- Level 2 - Insider inappropriately discloses company information to directly support an external cause. The information may be posted publicly to embarrass the company, or may be directed to an activist organization to support their intelligence gathering. The actor may be a planted agent.
- Level 3 - Insider directly attacks the company from the inside or enables an attack from the outside. The attack can take any form, including data theft, destruction of hardware or facilities, or internal violence or sabotage. The actor is most likely a disgruntled insider but may be a planted agent. Note that at this level, the line blurs between outward sympathizer and disgruntled insider. The important difference is that outward sympathizers are not triggered to action by something that happened to them personally but instead are upset about something external to the enterprise.
Enterprises should include outward sympathizers in their own insider threat models and plan for mitigation. Because this type of threat agent presents differently than most other characters, particularly at the benign level, it can be hard to detect—in fact, some of their methods may not be traceable back to the individual. The unique aspects of the outward sympathizer are motivation and timing, so the most effective mitigations will target those.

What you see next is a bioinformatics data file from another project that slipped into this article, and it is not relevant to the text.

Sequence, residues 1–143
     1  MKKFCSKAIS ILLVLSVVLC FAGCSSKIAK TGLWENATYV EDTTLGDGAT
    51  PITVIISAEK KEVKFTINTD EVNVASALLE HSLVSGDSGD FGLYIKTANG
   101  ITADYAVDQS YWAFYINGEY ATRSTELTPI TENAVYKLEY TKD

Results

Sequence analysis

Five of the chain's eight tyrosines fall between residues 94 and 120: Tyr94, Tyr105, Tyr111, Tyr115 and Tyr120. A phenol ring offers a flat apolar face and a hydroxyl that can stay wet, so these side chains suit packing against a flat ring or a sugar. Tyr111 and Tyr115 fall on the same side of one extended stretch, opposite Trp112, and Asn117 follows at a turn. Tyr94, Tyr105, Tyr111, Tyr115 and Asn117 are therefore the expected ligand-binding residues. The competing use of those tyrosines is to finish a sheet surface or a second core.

Research by CERT and others suggests that strong tone-from-the-top security messaging is an effective behavioral deterrent, especially for non-professional threat actors. In addition, we use the following techniques to help minimize the likelihood of outward sympathizer events: